So Fletcher Reede and Cal Lightman Walk Into a Bar

So Fletcher Reede and Cal Lightman Walk Into a Bar The Garrett Ashley Mullet Show

Imagine what it would be like if we always invariably gave ourselves away through facial expressions and body language when we were trying to conceal the truth.

Consider the curious cases of Fletcher Reede and Cal Lightman – two fictional characters used to explore the subject of lying.

First, Fletcher Reede played by Jim Carrey in the 1997 comedy ‘Liar, Liar’ is a compulsive lawyer – I mean liar. But I repeat myself.

One day Fletcher finds that he is incapable of telling a lie. He can only be perfectly and brutally honest, however hard he might try not to. The results are very amusing as he wants so badly to say something other than precisely what is on his mind, yet cannot because his son made a birthday wish which either God or the universe elected to grant for all our chuckles.

Second, Cal Lightman is Tim Roth’s detective psychologist from the 2009 drama ‘Lie to Me,’ always able to tell when someone is trying to deceive him.

By watching closely for microexpressions on their face and in their body language, Lightman spots little tells which give away his subjects. However they might try to conceal it, “the truth is written on all our faces.”

Hebrews 4:13 says “Nothing in all creation is hidden from God’s sight. Everything is uncovered and laid bare before the eyes of him to whom we must give account.”

This echoes the psalmist.

Yahweh looks down from heaven;
he sees all the children of man;
from where he sits enthroned he looks out
on all the inhabitants of the earth,
he who fashions the hearts of them all
and observes all their deeds.”

It must be the case then that we are incapable of lying – at least to God. The truth is written on all our hearts, and God knows our hearts as well as the number of hairs on our head.

What is more, “out of the abundance of the heart the mouth speaks.” So we do say what is in our hearts, whether for good or for ill, and the power of life and death is in the tongue. ‘I didn’t mean it’ extends only so far, and the good Lord knows whether we did or did not.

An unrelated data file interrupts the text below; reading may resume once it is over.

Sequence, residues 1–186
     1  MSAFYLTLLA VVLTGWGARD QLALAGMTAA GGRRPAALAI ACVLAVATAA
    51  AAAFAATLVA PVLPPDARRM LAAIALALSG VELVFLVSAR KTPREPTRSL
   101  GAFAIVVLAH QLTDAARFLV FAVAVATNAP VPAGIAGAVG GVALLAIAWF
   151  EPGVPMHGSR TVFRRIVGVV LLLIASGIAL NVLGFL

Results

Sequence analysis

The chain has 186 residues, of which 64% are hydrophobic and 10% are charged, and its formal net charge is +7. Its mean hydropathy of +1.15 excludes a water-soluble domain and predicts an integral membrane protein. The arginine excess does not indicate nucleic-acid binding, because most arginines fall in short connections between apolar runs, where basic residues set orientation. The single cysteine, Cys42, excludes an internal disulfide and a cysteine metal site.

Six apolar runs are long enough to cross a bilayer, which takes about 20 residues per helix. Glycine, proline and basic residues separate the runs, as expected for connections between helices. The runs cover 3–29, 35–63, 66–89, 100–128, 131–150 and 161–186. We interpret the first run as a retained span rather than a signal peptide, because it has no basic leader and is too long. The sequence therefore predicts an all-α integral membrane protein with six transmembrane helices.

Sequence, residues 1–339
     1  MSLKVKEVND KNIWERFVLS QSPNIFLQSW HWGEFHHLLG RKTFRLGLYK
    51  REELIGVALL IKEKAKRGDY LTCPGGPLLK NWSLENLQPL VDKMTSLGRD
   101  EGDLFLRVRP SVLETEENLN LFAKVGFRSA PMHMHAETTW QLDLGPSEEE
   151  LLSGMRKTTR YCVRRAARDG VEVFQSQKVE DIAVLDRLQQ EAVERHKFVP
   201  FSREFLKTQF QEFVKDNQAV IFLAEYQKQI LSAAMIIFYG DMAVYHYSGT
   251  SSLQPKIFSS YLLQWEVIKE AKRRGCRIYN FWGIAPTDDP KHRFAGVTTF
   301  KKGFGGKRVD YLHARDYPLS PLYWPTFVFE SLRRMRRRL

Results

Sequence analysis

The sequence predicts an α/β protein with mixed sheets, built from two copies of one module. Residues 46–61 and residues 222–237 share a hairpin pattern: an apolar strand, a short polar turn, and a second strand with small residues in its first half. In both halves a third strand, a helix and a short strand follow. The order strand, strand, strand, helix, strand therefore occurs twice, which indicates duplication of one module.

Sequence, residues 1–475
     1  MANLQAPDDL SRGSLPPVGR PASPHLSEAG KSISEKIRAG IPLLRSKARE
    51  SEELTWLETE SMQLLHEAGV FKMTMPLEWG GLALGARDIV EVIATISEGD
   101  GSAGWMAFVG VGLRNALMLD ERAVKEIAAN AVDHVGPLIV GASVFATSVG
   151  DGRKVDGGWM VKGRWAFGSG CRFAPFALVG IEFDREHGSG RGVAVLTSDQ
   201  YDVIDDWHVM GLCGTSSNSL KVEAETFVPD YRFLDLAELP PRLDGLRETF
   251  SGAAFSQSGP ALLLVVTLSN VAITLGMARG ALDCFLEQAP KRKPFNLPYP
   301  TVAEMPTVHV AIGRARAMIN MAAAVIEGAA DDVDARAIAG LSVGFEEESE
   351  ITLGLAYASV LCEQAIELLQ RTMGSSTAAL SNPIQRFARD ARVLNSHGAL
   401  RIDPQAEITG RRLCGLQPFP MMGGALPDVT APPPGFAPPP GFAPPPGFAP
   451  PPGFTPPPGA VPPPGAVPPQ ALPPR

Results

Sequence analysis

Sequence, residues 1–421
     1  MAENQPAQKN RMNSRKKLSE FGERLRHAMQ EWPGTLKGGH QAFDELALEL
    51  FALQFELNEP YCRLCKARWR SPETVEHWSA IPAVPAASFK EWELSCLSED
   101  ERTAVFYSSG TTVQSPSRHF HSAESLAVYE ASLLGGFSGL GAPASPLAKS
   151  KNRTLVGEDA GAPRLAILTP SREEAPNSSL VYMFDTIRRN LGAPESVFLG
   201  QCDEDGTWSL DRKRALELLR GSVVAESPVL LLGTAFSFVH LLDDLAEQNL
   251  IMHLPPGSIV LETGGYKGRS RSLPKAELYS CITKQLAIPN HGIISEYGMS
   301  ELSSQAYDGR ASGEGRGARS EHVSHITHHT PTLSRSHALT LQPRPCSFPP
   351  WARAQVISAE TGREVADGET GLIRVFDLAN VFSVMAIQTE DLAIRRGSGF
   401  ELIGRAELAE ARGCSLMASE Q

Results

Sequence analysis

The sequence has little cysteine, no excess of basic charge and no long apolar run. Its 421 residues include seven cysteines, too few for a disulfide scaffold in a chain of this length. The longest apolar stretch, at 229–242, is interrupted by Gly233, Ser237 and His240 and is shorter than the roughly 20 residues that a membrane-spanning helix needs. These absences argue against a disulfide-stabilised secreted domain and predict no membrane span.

Meanwhile James the half-brother of Jesus tells us that “We all stumble in many ways. If anyone is never at fault in what he says, he is a perfect man, able to control his whole body.”

Yet we know that this latter part is not us, and the former is. The task God gives the saint is to “Be holy because I am holy,” and we do not sin that grace might abound all the more. Yet we do stumble in many ways – including in what we say.

Yet I wonder what it would be like if we believed that it was impossible for us to really conceal the truth – not only from God, but also from one another. How would this affect our relationships?

Would we all live the solitary lives of misanthropic hermits – as much to avoid hearing as being heard, as much to avoid seeing as being seen?

Or would we both know and be known and be happy for the whole lot?

Someday the saints will know fully even as they are fully known.

“For now we see in a mirror dimly, but then face to face. Now I know in part; then I shall know fully, even as I have been fully known.

So now faith, hope, and love abide, these three; but the greatest of these is love.”

For the time being, we bear with one another, and love is patient, and the Lord’s grace is sufficient for us.

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